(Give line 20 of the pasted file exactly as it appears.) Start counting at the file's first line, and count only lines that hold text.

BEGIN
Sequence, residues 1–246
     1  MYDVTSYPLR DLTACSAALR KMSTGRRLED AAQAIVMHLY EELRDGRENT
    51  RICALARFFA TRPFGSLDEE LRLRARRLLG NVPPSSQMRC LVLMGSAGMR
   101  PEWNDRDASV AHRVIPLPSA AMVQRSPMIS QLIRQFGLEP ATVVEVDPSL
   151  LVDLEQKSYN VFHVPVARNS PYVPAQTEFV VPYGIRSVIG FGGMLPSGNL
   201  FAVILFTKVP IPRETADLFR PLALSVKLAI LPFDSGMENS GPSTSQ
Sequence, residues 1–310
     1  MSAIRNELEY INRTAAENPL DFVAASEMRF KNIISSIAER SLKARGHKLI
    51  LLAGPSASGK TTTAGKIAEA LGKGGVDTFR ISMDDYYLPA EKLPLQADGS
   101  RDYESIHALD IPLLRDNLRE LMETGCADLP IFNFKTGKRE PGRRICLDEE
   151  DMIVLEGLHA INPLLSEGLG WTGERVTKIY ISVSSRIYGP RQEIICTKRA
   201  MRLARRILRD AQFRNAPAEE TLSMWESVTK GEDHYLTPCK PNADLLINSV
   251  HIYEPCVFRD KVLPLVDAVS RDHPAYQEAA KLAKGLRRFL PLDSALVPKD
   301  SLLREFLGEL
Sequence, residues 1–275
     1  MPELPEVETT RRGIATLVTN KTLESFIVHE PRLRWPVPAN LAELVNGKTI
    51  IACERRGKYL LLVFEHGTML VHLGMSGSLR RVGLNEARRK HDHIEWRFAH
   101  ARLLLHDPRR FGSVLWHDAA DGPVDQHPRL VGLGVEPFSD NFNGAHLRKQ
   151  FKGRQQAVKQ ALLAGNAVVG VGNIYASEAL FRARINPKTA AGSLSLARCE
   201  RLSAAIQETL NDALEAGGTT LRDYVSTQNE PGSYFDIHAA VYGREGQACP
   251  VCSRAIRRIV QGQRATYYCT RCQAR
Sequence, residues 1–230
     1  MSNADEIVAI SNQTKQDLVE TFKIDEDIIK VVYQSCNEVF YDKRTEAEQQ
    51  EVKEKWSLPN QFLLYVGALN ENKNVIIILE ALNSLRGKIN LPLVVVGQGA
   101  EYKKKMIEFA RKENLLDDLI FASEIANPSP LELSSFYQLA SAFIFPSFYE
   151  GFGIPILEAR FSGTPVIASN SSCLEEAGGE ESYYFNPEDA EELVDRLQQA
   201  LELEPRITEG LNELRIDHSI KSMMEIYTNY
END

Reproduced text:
   201  RLSAAIQETL NDALEAGGTT LRDYVSTQNE PGSYFDIHAA VYGREGQACP